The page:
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Picking up the pieces after the 2007 bombing of Al-Mutanabbi Street in Baghdad. (Photo: AP/Khalid Mohammed)

Al-Mutanabbi Street Starts Here: Marking the Anniversary of a Disaster in Iraq

For my part, I think it’s important to try to remember all of it, to remember as much as we can reasonably hold in our hearts and minds.

Claudia Lefko

A car bomb exploded on Al-Mutanabbi Street in Baghdad on March 5, 2007. Thirty people were killed and an estimated one hundred others were wounded. Car bombings were common in Iraq in those terrible an terrifying years. So many bombings over so many years, they barely made the news here in the US.

But the bombing on Al-Mutanabbi Street got the public’s attention. The street is a cultural, literary and intellectual hub famous for its print shops, book stores, book stalls and cafes. The bomb destroyed the famous Al-Shabandar Cafe, killing four sons and a grandson of the owner, Mohammed Al-Khashali, the cafe’s owner, the great-great-great-grandson of the original 1917 owner. The dead and injured might respectfully be considered as collateral damage here, because the target—what was targeted for destruction—was ideas, culture, words and books, freedom of expression. This struck a nerve. People, maybe especially activists, artists, poets and writers, took notice, San Francisco poet and bookseller Beau Beausoleil responded by organizing Al-Mutanabbi Street Starts Here, an ongoing project calling on writers and artists around the country and the world to respond on the anniversary of the bombing each year. This year, the eleventh year of the project, there will be some thirty readings and exhibits in cities around the country and around the world: in New York and San Francisco, in Baghdad, Paris, London and Dublin; in New Delhi, India and Craigieburn, a suburb of Melbourne, Australia to name a few.

"Why remember? Why commemorate this particular event when there has been so much mayhem, death and destruction in Iraq over the last three decades."

I’ve heard people wonder about this project. Why remember? Why commemorate this particular event when there has been so much mayhem, death and destruction in Iraq over the last three decades. After affirming the value of life , the significance of so many lives lost and altered, someone in the audience will inevitably and rightfully suggest that an act of destruction targeting a community or a country’s history, culture and ideas is more worrisome. Such an act, poses an existential threat. Yes, fair enough.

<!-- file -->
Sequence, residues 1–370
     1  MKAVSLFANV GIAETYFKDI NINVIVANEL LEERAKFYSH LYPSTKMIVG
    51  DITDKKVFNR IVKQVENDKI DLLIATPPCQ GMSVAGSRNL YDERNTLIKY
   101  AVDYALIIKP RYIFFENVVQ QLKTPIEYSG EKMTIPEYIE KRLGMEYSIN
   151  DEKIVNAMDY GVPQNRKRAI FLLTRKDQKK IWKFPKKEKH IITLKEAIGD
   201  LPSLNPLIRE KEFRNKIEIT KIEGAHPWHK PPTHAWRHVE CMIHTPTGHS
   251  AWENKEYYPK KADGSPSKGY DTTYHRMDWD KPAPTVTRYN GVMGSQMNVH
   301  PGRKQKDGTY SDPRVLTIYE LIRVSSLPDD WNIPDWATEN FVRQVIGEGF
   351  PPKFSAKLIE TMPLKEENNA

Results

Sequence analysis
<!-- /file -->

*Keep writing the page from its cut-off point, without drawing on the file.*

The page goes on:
For my part, I think it’s important to try to remember all of it, to remember as much as we can reasonably hold in our hearts and minds. Understanding what has happened to Iraq and Iraqis over the last thirty years helps to understand Iraq as it is today, and Iraqis. It’s easy to forget, and many people have forgotten, their minds and hearts filled with concerns about other—new and ongoing—wars.

George Bush the senior launched the First Gulf War on January 19, 1991; four days later the US and allied forces announced they had flown more than 12,000 bombing missions. That massive bombing campaign essentially destroyed the country. In his report some weeks after the war “ended” UN Under-Secretary-General Martti Ahtisaari wrote: “Nothing that we had seen or read had quite prepared us for the particular form of devastation which had befallen the country... Iraq has, for some time to come, been relegated to a pre-industrial age, but with all the disabilities of post-industrial dependency on an intensives use of energy and technology.”